To sum up everything that makes them so amazing would take a lifetime to write. Maybe I will one day. For now, I will try and focus on the big things.
Like driving an hour to my house when my boyfriend of 6+ years randomly decided to leave one day out of the blue and then staying for an entire week despite living and working over an hour away at the time because they knew that I was beyond devastated, not to mention lost. Chele facetimed in, offering to come down from Jersey too (this offer was declined, I'm not that selfish) Or hopping on a bus to race up to be with someone when their mother passed. Or even heading on an hour drive close to 10pm at night because one was blindsided by the sudden passing of a beloved pet. Or sitting in an ER until past midnight the night before a girl's weekend trip to Hershey Park because someone tripped on a hill and broke their foot.
Now that we live together, those big moments are kind of rolled into smaller ones. Helping each other budget, taking care of the "kids" together (cats, everyone, cats), deciding when to take out loans or when to try and buckle down and just eat ramen so we can get what we want. The nuances of our friendship go beyond what society says is acceptable....and that's okay. Just like with people, relationships don't always fit into neat little boxes. It's messy and weird and entirely us.
Life is not all fun and games, of course. We all suffer from various mental health issues (anxiety and depression being the predominant ones) and are constantly trying to work on ourselves while helping each other. "Did you take your meds?" has become as common a question as "Are these cats lying or did you forget to feed them?" Usually this happens when someone (or all three of us if it's a really bad day) is a bit snappier than is normal. There is no sugar-coating, no shying away from difficult conversations (no matter how hard I try to avoid them). We are honest and open and still provide that safe space where all of us know that the others aren't going anywhere. Not ever.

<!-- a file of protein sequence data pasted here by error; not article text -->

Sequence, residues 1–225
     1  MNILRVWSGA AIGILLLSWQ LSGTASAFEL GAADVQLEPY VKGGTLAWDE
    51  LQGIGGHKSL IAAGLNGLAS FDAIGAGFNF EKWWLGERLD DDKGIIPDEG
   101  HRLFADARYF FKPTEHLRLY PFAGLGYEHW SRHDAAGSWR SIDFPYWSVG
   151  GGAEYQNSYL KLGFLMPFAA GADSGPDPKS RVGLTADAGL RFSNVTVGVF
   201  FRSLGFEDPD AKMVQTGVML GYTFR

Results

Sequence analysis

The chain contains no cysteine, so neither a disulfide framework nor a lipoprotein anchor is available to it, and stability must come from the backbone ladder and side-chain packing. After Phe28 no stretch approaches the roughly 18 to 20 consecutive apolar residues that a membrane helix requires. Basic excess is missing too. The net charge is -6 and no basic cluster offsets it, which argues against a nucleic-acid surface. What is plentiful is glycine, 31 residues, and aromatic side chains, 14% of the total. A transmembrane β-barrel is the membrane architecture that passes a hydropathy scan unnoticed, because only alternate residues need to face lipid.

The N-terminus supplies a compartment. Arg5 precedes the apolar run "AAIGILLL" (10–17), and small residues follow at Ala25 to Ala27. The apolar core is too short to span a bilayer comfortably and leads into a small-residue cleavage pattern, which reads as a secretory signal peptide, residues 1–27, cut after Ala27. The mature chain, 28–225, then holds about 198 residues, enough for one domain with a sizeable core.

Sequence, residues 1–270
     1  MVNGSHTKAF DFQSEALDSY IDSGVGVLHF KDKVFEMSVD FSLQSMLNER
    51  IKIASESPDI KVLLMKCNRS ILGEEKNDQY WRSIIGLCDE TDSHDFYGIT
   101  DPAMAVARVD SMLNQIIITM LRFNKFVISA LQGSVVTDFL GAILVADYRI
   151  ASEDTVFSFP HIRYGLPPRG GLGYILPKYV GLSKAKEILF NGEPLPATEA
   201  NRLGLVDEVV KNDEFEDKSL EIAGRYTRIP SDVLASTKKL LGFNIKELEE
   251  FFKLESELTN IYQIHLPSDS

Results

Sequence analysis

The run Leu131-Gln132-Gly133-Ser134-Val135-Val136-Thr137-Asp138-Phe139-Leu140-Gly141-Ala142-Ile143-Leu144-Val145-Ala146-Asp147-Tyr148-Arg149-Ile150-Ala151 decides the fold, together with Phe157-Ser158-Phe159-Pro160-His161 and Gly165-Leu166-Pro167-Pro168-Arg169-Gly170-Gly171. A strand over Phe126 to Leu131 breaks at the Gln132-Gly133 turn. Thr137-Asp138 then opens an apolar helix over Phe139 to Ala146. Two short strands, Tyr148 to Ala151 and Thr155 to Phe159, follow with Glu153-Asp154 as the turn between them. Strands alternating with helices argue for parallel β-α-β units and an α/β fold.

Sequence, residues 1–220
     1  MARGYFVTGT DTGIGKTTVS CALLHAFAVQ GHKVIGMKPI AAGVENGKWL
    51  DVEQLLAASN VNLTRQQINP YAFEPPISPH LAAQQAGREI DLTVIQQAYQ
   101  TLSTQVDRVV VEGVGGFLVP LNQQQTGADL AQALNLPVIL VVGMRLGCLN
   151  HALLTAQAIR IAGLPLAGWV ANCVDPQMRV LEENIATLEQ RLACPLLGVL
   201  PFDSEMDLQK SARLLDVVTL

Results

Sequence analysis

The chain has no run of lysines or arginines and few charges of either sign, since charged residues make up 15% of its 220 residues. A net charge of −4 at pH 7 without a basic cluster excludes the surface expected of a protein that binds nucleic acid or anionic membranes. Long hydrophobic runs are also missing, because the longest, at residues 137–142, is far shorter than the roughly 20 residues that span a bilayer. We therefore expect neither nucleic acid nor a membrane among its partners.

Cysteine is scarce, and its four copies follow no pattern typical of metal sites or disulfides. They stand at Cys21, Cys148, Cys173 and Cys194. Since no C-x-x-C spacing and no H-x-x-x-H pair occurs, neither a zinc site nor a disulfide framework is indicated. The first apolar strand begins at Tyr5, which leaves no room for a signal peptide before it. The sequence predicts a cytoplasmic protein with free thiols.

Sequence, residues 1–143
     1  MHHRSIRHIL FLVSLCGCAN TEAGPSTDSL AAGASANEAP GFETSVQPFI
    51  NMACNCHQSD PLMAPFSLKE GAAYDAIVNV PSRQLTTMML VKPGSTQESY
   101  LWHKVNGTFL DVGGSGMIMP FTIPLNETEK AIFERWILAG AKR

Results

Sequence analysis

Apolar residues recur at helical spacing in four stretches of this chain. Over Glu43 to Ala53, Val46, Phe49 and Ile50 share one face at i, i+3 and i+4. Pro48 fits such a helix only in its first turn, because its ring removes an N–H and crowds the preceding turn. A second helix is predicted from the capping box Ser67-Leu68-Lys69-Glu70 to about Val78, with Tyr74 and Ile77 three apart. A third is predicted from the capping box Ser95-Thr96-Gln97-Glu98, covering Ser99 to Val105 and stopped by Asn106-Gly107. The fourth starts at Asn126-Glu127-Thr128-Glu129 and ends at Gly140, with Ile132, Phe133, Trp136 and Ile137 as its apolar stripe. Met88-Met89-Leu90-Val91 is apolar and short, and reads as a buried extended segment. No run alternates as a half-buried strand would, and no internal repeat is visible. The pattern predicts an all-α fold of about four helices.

Unfortunately for them, thanks to an emotionally abusive and narcissistic ex, getting me to understand that fact is far from easy. (There's a reason my psychiatrist recommended trauma therapy but we won't get into that now)
I don't know how they haven't run for the hills, honestly. Half the time I feel like I'm not really pulling my own weight and they constantly have to reassure me of a variety of things but once again I can hear them yelling at me for saying these things so I'll just move on.
The above picture was taken at one of the MANY concerts we've attended together. It's kind of our thing. This one, however, came right after the ex I mentioned before and I broke up. Never in my life have I needed these girls more and they didn't hesitate (despite it being near Chele's birthday)
I have never felt more safe, more protected, and more loved with anyone else. Ever. Say what you want about our relationship but even the person I was planning to marry and have a "happily ever after" with never made me feel this accepted and loved. Sad but true. It's a different sort of love than the traditional romantic love and even if I (or any of us) eventually find people to marry that won't change what we are to each other I hope.